U.S. Supreme Court Declines to Hear Appeal from Former High School Football Coach Fired for Praying
Kayla Koslosky | ChristianHeadlines.com Editor | Wednesday, January 23, 2019
The U.S. Supreme Court declined to hear an appeal from a former Washington state high school football coach who was fired for praying after football games.
According to the Christian Post, John Kennedy was the Bremerton High School football coach up until 2015 when he was placed on suspension for repeatedly praying on the high school’s football field after the games were over.
In September of 2015, Kennedy received a warning letter from the district’s Superintendent Aaron Leavell telling him that by praying he had violated the establishment clause because he was publicly demonstrating an act of faith. One month later, Kennedy was suspended and in December, he filed a complaint with the Equal Employment Opportunity Commission and began the process of suing the school district.
According to the Supreme Court statement of Justice Alito, the letter cited two different reasons for why Kennedy was being suspended and eventually fired.
“On October 23, 2015, the superintendent wrote to petitioner to explain why the district found petitioner’s conduct at the then-most recent football game to be unacceptable,” the Supreme Court decision reads.
“And in that letter, the superintendent gave two quite different reasons: first, that petitioner, in praying on the field after the game, neglected his responsibility to supervise what his players were doing at that time and, second, that petitioner’s conduct would lead a reasonable observer to think that the district was endorsing religion because he had prayed while ‘on the field, under the game lights, in BHS-logoed attire, in front of an audience of event attendees.’”
Supreme Court Justices Alito, Thomas, Gorsuch and Justice made the decision that because of a lack of information and clarity regarding Kennedy’s termination, they would not hear the appeal.
In June of 2016, Kennedy filed suit against the Bremerton school district, but U.S. District Judge Ronald B. Leighton rejected his request for an injunction. In August, a panel of three judges for the U.S. Court of Appeals for the Ninth Circuit upheld this ruling.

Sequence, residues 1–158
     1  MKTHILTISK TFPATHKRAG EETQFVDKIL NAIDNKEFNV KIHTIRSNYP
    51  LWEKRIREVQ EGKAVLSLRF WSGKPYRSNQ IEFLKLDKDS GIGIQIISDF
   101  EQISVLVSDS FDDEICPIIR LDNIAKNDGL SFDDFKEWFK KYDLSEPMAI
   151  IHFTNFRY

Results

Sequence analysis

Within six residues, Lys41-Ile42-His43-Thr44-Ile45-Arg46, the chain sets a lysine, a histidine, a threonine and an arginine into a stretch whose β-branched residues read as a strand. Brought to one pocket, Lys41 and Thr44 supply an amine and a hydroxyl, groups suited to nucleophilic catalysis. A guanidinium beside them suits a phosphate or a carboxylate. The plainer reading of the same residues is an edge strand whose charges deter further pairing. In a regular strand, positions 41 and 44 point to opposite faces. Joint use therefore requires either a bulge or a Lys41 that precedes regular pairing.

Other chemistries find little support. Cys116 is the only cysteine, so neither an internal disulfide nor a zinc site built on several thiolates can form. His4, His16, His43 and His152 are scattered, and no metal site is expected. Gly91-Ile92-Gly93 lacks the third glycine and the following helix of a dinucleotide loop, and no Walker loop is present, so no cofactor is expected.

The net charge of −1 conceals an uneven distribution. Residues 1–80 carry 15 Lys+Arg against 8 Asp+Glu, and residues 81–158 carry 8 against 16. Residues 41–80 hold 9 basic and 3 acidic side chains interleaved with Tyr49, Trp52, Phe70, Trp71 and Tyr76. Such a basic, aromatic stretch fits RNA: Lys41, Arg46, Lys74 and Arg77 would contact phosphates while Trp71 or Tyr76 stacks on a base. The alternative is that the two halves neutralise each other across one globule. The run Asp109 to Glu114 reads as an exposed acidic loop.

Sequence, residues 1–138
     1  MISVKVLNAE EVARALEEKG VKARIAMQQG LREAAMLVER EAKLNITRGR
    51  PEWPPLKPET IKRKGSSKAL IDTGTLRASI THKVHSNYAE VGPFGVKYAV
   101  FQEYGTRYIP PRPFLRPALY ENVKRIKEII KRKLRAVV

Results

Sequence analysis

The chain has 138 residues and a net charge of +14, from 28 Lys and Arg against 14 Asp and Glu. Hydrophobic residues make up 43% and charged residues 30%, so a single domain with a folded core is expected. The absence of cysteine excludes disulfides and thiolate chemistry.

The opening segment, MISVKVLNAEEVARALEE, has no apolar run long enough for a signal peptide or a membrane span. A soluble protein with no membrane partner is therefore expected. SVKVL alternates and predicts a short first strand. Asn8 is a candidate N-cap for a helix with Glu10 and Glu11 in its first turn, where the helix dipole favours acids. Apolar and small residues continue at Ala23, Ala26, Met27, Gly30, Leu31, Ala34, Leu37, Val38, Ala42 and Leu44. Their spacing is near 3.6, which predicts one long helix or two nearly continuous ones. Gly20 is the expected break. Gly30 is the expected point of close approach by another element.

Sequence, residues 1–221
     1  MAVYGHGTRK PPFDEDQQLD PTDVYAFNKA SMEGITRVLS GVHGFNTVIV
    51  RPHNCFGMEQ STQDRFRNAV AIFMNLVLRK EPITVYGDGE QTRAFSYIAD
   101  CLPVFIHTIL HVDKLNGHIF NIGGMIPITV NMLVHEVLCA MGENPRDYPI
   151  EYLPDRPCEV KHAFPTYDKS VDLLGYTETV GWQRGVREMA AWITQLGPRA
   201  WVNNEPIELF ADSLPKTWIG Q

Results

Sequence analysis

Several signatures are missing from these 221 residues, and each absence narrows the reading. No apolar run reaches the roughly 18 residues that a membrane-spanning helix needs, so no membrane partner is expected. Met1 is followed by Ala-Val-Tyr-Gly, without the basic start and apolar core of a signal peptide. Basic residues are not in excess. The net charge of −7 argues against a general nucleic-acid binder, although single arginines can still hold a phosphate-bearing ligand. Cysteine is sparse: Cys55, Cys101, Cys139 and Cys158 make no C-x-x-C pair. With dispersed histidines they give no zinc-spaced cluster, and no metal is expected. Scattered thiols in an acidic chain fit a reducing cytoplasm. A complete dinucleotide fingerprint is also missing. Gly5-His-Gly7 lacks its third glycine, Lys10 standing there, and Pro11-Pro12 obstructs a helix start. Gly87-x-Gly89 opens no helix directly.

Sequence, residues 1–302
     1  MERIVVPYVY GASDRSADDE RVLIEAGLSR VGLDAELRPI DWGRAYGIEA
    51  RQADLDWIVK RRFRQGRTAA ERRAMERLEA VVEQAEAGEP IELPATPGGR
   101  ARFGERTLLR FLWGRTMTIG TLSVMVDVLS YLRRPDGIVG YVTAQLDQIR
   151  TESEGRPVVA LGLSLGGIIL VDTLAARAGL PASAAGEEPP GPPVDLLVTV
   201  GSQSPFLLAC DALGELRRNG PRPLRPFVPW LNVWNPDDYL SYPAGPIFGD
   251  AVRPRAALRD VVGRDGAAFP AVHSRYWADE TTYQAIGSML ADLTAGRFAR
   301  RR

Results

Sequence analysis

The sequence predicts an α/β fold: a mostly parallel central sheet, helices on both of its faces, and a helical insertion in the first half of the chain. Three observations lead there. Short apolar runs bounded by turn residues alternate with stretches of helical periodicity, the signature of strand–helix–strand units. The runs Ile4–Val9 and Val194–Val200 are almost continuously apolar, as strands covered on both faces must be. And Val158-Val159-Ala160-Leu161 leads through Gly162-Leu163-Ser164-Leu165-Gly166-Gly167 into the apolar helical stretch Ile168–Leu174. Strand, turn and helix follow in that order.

While the Supreme Court did deny hearing Kennedy’s appeal, they also condemned the Ninth Circuit Court’s reason for upholding the rejection of Kennedy’s request for an injunction to stop his termination.
Justice Alito and his fellow Justices wrote, “While I thus concur in the denial of the present petition, the Ninth Circuit’s understanding of the free speech rights of public school teachers is troubling and may justify review in the future.”
The statement continued, “According to the Ninth Circuit, public school teachers and coaches may be fired if they engage in any expression that the school does not like while they are on duty, and the Ninth Circuit appears to regard teachers and coaches as being on duty at all times from the moment they report for work to the moment they depart, provided that they are within the eyesight of students.”
It continues, “Under this interpretation of Garcetti [v. Ceallos], if teachers are visible to a student while eating lunch, they can be ordered not to engage in any “demonstrative” conduct of a religious nature, such as folding their hands or bowing their heads in prayer. And a school could also regulate what teachers do during a period when they are not teaching by preventing them from reading things that might be spotted by students or saying things that might be overheard.”
According to the Christian Post, Kennedy is not done fighting for his freedom of speech and religious liberty.
President of First Liberty Kelly Shackelford, the president of the firm acting as Kennedy’s legal representation, said in a statement on Tuesday that they are ready to go back to court and lend some clarity to the situation.
She said, “We are eager to return to the district court, answer the questions the justices raised today, and give the court another opportunity to protect the right of every American to engage in private religious expression, including praying in public, without fear of getting fired.”
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